Table of Contents Hide
- How to research the market
- We need to ask the right questions
- What is the data telling me?
- You did it! Now put it all to work
- The take-home message
Every business, whether it’s a coffee shop or an aspiring tech startup, needs an in-depth understanding of the market it will serve. One of the essential components of a successful venture is knowing what your clientele needs and what influences their decisions.
The data you’ll collect during your market research will be an invaluable source of inspiration when planning your marketing strategy, the pricing of your services, and a host of other important facets of your business.
In this article, we’ll take a look into the reasons why you should meticulously study your market and, more importantly, how to research the market.
Let’s dive right in, shall we?
How to research the market
Information is everywhere, and the hard part is knowing how to extract it. Luckily, we have lots of tools within our reach that help us gather insight about our potential clients’ needs and the current state of the market. There are two types of research, which we need to set apart — so let’s take a look at how to differentiate them.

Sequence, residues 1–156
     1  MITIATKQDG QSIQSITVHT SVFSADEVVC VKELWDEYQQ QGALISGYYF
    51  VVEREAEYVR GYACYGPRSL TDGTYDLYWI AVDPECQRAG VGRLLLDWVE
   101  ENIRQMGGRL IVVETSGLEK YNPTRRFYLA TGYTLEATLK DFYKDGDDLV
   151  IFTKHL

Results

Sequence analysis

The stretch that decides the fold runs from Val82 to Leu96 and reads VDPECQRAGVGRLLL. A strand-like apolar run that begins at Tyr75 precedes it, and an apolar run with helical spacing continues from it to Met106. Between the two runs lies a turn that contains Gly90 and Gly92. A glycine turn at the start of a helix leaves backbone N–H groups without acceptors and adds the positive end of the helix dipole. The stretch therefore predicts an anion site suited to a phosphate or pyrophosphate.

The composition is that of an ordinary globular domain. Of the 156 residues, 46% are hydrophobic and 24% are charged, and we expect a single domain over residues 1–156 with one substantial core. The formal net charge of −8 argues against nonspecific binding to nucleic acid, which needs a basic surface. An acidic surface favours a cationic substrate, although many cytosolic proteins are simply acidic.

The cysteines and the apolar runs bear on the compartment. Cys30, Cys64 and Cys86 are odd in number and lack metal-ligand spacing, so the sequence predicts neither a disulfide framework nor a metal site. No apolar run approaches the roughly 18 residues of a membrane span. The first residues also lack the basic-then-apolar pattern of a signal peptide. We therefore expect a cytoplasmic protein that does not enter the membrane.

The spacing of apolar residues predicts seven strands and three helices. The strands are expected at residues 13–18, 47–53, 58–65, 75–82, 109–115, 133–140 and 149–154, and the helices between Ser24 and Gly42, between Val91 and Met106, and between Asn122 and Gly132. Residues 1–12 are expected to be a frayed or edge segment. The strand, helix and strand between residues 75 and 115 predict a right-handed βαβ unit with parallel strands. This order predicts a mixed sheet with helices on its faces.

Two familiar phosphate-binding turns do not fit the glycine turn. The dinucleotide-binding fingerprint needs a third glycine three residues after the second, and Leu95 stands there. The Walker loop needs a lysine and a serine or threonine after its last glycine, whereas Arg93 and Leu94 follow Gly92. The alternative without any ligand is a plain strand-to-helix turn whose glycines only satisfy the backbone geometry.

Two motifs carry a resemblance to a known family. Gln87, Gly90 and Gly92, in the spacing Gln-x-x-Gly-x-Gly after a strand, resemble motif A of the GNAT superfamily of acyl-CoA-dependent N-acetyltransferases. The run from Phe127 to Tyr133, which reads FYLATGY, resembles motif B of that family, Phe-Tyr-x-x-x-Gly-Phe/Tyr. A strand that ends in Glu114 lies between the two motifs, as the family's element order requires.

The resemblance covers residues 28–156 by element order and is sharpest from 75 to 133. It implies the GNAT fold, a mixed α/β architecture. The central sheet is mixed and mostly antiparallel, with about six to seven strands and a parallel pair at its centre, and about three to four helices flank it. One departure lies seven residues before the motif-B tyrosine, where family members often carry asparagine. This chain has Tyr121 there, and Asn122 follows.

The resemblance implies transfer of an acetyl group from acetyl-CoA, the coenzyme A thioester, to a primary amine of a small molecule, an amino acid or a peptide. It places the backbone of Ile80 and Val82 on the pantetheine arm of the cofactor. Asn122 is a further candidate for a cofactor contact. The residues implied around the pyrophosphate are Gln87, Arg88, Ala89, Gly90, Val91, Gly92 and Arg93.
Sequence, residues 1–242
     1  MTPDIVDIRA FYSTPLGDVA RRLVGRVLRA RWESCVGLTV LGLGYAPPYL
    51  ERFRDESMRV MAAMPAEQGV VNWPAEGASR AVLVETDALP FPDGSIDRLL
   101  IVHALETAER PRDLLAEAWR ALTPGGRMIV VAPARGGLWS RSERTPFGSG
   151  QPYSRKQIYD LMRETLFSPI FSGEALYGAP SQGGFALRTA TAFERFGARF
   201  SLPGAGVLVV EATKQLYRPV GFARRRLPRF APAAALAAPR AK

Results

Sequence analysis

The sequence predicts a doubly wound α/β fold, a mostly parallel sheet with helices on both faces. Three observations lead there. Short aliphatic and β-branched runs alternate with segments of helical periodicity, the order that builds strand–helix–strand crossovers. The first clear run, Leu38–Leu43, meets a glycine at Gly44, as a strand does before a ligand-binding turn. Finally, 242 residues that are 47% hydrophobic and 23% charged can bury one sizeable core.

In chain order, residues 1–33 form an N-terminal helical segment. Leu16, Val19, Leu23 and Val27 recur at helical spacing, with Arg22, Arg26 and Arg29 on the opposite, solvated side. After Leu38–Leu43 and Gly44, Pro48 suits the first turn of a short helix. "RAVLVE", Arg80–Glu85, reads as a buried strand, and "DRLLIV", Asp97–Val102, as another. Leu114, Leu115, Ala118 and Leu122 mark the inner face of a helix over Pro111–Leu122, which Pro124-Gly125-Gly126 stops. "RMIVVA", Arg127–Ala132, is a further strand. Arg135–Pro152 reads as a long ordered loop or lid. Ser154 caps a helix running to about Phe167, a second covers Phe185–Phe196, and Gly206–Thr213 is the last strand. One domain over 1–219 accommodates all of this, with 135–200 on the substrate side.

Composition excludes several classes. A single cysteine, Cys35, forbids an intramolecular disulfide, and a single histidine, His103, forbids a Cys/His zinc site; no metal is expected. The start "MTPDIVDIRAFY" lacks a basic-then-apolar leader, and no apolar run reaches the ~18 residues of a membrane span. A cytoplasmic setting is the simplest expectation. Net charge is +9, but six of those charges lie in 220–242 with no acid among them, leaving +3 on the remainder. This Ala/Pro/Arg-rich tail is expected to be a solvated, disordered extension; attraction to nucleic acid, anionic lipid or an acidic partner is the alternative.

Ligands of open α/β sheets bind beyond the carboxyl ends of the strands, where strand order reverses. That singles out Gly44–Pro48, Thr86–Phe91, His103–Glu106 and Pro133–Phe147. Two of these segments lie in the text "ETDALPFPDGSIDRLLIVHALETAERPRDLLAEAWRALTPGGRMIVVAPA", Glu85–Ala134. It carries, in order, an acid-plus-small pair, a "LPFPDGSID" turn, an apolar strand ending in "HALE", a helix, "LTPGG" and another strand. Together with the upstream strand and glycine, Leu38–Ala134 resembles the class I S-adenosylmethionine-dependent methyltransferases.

Primary market research implies reaching out to your potential customers directly. Think of it as first-party data — you collect it from the user, and there is no intermediary between you and them. Typically, you’ll compile raw data in the form of surveys, focus groups, interviews, test marketing, and even simply observing your potential customers’ behavior in a particular environment, like inside or outside a store.
Secondary research, as you may have already guessed, uses data that has already been compiled by somebody else — reports, studies, government statistics, and so on. This type of market analysis is very reliable, especially if the publisher is a reputable research center like Pew, Gartner or PwC. However, the central shortcoming is that you lack flexibility, and you have no saying in the design of the study. You work with what you have.
Here are some great sources for secondary research:
- Google’s Consumer Barometer
- Google Trends
- The Census Bureau (US)
- Small Business Administration (US)
- Marketing Charts